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University of Bristol student named best UK science blogger

Suzi Gage, winner of the 2012 UK Science Blog Prize

Suzi Gage, winner of the 2012 UK Science Blog Prize

Press release issued: 27 November 2012

A PhD student from the University of Bristol has been named the joint winner of a national competition to honour the best science bloggers in the country. Suzi Gage, whose Sifting the Evidence blog focuses on research and ideas in the field of epidemiology and public health, won the 2012 UK Science Blog Prize alongside renowned pharmacologist Professor David Colquhoun.

Suzi Gage, whose Sifting the Evidence blog focuses on research and ideas in the field of epidemiology and public health, won the 2012 UK Science Blog Prize alongside renowned pharmacologist Professor David Colquhoun.

The inaugural award, organised by the Good Thinking Society in association with Soho Skeptics, received over 100 entries from leading bloggers and was judged by top scientists and science writers, including Ben Goldacre who is well-known for his ‘Bad Science’ column in The Guardian and Mark Henderson, former science editor at The Times and author of The Geek Manifesto.

Suzi, an epidemiologist based in the School of Social and Community Medicine, is currently investigating whether there is a link between recreational drug use and mental health problems in teenagers.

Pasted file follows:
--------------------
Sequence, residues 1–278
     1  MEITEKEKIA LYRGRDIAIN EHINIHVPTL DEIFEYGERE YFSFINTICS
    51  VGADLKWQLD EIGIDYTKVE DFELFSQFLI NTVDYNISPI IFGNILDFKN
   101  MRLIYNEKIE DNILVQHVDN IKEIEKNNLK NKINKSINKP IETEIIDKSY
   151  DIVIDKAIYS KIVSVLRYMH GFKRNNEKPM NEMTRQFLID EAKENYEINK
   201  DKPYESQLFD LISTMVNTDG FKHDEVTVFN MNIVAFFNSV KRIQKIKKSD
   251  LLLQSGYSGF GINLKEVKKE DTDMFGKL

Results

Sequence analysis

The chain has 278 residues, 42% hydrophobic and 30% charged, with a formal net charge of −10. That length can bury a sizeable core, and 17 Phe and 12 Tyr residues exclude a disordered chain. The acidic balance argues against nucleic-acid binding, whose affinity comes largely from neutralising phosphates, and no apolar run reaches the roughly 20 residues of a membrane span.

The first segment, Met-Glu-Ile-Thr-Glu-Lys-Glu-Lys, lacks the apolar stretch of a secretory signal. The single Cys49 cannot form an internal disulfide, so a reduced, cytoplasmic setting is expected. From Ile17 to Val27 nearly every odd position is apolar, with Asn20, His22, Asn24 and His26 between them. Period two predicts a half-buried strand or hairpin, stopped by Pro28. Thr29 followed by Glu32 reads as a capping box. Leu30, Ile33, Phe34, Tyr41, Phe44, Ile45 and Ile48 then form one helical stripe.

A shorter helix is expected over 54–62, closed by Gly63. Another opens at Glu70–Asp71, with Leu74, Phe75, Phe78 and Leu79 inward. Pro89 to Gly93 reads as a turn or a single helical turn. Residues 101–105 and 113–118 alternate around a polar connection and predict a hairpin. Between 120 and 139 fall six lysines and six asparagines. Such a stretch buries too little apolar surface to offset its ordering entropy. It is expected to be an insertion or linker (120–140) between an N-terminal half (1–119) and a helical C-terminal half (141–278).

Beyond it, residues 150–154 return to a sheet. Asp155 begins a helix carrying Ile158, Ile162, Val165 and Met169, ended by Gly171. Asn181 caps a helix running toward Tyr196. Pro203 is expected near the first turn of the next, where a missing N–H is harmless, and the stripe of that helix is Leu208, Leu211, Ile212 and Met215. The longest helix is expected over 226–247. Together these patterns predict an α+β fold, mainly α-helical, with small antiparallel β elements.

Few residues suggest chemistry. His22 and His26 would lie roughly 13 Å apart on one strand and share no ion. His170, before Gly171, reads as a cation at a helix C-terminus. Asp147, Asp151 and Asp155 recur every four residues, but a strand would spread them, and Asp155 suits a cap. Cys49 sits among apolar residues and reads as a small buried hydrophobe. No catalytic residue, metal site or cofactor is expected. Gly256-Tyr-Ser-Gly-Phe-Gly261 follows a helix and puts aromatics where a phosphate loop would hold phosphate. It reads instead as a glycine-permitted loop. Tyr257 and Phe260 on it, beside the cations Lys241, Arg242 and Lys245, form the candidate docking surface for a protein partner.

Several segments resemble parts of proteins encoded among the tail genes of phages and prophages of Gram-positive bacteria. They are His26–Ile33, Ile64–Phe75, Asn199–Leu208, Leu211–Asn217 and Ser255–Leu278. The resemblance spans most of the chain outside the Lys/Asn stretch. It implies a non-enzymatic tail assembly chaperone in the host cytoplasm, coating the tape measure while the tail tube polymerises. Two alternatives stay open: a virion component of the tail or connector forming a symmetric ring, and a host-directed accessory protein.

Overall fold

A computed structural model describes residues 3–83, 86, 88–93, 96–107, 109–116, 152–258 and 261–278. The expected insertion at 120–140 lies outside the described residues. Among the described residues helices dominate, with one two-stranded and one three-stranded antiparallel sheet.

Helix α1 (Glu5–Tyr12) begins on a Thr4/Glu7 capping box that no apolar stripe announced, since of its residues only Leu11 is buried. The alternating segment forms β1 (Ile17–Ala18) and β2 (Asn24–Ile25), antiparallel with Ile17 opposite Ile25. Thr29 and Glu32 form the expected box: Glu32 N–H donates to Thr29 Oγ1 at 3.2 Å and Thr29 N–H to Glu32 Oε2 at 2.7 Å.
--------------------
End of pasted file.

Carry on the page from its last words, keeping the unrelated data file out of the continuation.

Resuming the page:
The 29-year-old, from St Werburghs, started blogging in the summer of 2011 and said: “I'm astounded and delighted to have won this prize alongside David. The other nominees were some of the very people who inspired me to start blogging in the first place, so to be listed alongside them, let alone win, is a huge honour.”

The judges deliberated long and hard but could not separate the relative merits of David and Suzi and decided to split the award this year.

Simon Singh, who helped judge the prize, said: “It was hard to compare such a diverse range of blogs, on a wide variety of topics. Bloggers ranged from teenagers to emeritus professors, from doctors to astronomers. In the end, it seemed fairest to recognize this diversity by splitting the prize between two excellent bloggers.”

The winners received £500 each and the judging criteria for the blogs included scientific content, reach, influence, entertainment and frequency of posting.

Professor Marcus Munafo, Suzi’s PhD co-supervisor, said: "Suzi really is in great company - those shortlisted represent the very best bloggers in the UK, including senior academics and professional science writers. To come out on top is an outstanding achievement, and shows that it's possible to balance the demands of a successful academic career with public engagement activities of the highest quality.”

Suzi is also an active member and blogger for ScienceGrrl, a network of female scientists who are passionate about passing on their love of science, technology, engineering and mathematics (STEM) to the next generation.